RNA amplification of the HIV-1 Pol and env regions on dried serum and plasma spots

HIV Med. 2008 Aug;9(7):557-61. doi: 10.1111/j.1468-1293.2008.00604.x. Epub 2008 Jun 28.


Background: Dried sample spots have molecular applications, but few data are available on conditions of HIV-1 RNA amplification.

Objectives: To determine the impact of (i) the sample type (plasma or serum), (ii) various storage periods, (iii) transfer at ambient temperature of the dried spots via postal mail, and (iv) two different methods of elution-extraction, to amplify partial pol and env genes with a view to both phylogenic and resistance analyses.

Methods: Fourteen samples (dried plasma spot and dried serum spot) from seven patients were stored at 20-25 degrees C for 2, 5 and 7 days. Two extraction buffers were tested on these samples, followed by reverse transcriptase-polymerase chain reaction (RT-PCR) on pol and env genes. Sixteen spots from eight other patients were sent by postal mail at ambient temperature between two laboratories, and were analysed at both sites.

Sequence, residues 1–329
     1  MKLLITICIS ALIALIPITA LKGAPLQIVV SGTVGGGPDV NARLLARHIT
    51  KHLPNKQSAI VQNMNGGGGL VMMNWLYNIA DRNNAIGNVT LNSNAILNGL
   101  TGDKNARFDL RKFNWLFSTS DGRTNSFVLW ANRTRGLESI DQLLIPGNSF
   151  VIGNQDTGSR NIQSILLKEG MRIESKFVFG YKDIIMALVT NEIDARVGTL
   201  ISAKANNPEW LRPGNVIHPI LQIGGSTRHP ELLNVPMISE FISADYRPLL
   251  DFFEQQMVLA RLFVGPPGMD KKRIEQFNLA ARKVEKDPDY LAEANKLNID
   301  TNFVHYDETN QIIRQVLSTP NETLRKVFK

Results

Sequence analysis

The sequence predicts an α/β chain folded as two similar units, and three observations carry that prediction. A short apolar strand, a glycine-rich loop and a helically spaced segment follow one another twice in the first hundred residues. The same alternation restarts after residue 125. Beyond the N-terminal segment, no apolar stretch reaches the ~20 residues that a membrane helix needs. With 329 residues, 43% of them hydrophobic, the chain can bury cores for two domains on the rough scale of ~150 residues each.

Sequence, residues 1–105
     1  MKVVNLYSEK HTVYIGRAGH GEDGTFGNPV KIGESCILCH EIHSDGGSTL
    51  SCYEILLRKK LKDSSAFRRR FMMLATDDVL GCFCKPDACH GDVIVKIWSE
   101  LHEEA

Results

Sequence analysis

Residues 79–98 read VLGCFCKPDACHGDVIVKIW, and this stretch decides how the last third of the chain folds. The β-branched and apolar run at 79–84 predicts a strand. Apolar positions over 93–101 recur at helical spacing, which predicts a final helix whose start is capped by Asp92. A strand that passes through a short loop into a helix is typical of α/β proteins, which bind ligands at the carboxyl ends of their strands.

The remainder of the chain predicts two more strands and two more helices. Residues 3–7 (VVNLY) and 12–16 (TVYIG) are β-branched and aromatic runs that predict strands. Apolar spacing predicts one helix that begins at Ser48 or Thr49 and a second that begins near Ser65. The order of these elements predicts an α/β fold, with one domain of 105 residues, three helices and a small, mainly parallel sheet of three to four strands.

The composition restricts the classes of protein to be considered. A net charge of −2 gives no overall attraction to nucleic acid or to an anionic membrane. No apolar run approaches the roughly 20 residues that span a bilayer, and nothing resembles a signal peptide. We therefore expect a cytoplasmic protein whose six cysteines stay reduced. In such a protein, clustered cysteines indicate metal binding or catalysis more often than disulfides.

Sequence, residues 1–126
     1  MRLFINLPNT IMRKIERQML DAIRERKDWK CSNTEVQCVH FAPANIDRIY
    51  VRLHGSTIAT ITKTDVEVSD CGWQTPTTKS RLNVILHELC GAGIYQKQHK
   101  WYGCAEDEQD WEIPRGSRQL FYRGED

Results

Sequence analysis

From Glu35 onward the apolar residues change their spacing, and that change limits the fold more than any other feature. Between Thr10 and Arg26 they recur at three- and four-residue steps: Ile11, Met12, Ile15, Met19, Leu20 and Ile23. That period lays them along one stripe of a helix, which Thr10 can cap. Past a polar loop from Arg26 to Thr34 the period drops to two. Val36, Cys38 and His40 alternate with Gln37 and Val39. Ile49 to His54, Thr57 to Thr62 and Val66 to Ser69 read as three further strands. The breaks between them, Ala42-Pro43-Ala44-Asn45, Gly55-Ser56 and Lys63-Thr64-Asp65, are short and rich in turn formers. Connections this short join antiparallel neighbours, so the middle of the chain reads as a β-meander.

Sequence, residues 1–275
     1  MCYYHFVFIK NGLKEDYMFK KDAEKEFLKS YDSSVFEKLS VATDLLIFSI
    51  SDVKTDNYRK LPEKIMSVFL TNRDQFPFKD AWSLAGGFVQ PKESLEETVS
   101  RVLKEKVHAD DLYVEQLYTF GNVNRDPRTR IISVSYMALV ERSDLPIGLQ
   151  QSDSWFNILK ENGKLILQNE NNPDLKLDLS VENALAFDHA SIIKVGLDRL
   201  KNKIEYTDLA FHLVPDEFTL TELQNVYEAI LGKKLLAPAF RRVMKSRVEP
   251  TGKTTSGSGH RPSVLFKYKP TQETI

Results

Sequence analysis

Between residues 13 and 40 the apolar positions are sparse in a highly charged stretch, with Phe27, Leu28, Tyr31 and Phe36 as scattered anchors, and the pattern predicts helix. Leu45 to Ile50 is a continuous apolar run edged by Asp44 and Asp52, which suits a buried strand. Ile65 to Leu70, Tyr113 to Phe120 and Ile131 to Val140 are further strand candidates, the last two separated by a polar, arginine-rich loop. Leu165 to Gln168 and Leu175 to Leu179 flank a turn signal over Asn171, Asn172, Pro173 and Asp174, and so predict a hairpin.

Results: We observed no influence of the 2-7 day storage period, whatever the sample type and viral load, but the choice of the extraction procedure is a critical step. Analysis of the mailed spots resulted in a good agreement between the two laboratories.

Conclusions: This study shows that amplification of HIV-1 RNA on spots is possible in various conditions by different operators and using appropriate reagents. This finding could be particularly useful for large-scale molecular and resistance epidemiological studies in resource-rich and resource-limited countries alike.

Publication types

  • Research Support, Non-U.S. Gov't

MeSH terms

  • Blood / virology*
  • Blood Preservation
  • Desiccation
  • Drug Resistance, Viral / genetics*
  • HIV Infections / genetics
  • HIV Infections / virology*
  • HIV-1 / genetics
  • HIV-1 / isolation & purification*
  • Humans
  • RNA, Viral / genetics
  • RNA, Viral / isolation & purification*
  • Reverse Transcriptase Polymerase Chain Reaction
  • Specimen Handling / methods*
  • Temperature
  • Time Factors


  • RNA, Viral